Before he had his turn before 700 fellow college students at the Imagine What’s NEXT conference in Atlanta on Nov. 4-6, Daniel Reffner admitted to some stage fright.
“It was very humbling, and it made me emotional,” said Reffner, a senior majoring in religion and philosophy at Southwestern College in Winfield, Kansas. “I think it made me emotional because … the spirit was clearly moving in that place. To know that I was communicating the love and the grace of God just makes me emotional.”
A ceramic artist, Reffner talked about the connection between his faith and his pottery while on stage at the Tabernacle Theatre. Reffner, a Wichita native, spoke while at the potter’s wheel, and in between his fellow Southwestern students – members of the Worship Outreach ministry program – performed praise and worship music.
“It was a really special moment to share that with all those people,” said Reffner, who often performs musically with Worship Outreach. “It was really powerful. To be in a leadership role in something that big was new for me.”
While backstage, he said he began to grasp the magnitude of sharing his mission.
“I began to feel the weight of it,” Reffner said. “It wasn’t a burden, but it was like this awesome understanding of the responsibility and the gravitas of the task that was ahead of me. That was to share a testimony and be a witness to what God has done in my life through pottery.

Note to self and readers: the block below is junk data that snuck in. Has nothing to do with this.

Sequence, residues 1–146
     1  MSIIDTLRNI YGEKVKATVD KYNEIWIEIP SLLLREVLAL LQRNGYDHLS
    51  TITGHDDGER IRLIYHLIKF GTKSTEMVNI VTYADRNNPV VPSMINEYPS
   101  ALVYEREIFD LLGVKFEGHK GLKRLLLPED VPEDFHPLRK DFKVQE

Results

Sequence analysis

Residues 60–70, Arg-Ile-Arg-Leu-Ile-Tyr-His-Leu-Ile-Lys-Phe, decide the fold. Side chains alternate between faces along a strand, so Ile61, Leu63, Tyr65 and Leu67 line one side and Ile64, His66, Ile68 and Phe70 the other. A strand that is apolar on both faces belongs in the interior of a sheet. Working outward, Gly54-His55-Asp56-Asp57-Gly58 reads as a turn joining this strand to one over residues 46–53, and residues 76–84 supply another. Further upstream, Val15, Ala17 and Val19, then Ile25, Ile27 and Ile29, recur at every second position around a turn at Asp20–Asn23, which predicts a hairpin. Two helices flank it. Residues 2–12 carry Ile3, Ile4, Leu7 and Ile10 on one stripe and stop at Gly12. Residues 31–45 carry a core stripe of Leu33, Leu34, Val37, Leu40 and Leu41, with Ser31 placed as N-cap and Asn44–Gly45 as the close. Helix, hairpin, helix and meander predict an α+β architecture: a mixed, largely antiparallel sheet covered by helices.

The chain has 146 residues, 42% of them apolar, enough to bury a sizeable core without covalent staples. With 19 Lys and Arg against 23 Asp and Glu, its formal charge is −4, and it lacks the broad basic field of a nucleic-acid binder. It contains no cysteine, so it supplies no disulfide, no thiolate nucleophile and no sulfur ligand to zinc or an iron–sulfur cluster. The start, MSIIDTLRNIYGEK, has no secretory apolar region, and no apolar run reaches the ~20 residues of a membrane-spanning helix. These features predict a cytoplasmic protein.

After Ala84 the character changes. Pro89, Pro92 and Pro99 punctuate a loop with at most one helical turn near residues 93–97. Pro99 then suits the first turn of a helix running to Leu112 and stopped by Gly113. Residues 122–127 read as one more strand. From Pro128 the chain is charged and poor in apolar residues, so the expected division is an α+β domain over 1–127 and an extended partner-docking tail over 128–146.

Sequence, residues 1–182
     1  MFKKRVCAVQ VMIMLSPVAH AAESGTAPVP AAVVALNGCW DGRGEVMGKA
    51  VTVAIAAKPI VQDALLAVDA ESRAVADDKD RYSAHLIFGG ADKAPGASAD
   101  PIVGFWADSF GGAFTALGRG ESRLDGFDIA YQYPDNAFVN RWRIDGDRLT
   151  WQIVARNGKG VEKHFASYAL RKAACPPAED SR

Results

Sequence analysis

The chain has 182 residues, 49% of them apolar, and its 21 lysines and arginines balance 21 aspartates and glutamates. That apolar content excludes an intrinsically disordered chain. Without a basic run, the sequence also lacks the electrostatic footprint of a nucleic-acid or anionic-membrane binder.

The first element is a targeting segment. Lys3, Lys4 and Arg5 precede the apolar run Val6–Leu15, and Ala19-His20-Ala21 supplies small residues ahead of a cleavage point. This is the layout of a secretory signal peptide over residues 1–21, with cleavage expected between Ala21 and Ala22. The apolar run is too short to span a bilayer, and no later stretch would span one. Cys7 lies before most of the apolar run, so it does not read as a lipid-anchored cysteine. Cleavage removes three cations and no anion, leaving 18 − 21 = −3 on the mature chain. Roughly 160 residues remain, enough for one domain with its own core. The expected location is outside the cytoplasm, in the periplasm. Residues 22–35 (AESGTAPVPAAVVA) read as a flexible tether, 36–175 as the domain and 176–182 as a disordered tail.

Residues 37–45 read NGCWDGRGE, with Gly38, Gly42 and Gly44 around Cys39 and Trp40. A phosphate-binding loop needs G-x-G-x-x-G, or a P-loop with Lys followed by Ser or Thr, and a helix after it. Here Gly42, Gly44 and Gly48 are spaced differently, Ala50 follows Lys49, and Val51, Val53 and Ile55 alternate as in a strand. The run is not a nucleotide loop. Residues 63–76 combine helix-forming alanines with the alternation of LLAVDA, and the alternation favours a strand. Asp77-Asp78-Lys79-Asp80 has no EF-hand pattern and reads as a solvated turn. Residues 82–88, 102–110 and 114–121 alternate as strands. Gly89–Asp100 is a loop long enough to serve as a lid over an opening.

“To be able to share that with people, 700 people, and invite them into that narrative to be transformed, the way pottery has transformed me.”
The biennial gathering sponsored by the United Methodist Student Movement, NEXT brought 700 18- to 24-year-olds together – and about one-tenth of those were from the Great Plains. Two Southwestern students were also a part of the design team for the conference. Another Great Plains student, Wes Gately of Washburn University, was on the design team and was the on-stage announcer.
The Great Plains delegation included students from the conference’s four United Methodist colleges – Baker University, Kansas Wesleyan, Nebraska Wesleyan and Southwestern – as well as representatives from four campus ministries at state schools: University of Nebraska-Lincoln, Kansas State University, Fort Hays State University and Emporia State University.
Nebraska Wesleyan was represented by 11 students, said the Rev. Eduardo Bousson, university minister.
“It was kind of cool to be with 700 other students from all over the nation,” said Bousson, attending his second NEXT event. “It was a great opportunity for them to bond with each other, and bring some great experiences back to campus.”
Bousson said he felt the Nebraska Wesleyan students benefited as much out of the ventures into Atlanta, sponsored by the General Board of Higher Education Ministries, as they did from the workshops and keynote speeches.
Students visited the Civil Rights Museum, the birthplace of Martin Luther King Jr. and went to missions that worked with refugees in the Atlanta area.
“They didn’t know as much about refugees and the experience of refugees before going to this breakout session,” Bousson said. “To me it’s fantastic, because we have tons of refugees in Lincoln. I’m planning to help them translate that experience and that passion that they had in Atlanta to apply it here on campus and the Lincoln community.”
Bousson said the students “felt more called to have a faith that is also reflected in social justice. Not just personal piety, but social holiness.”
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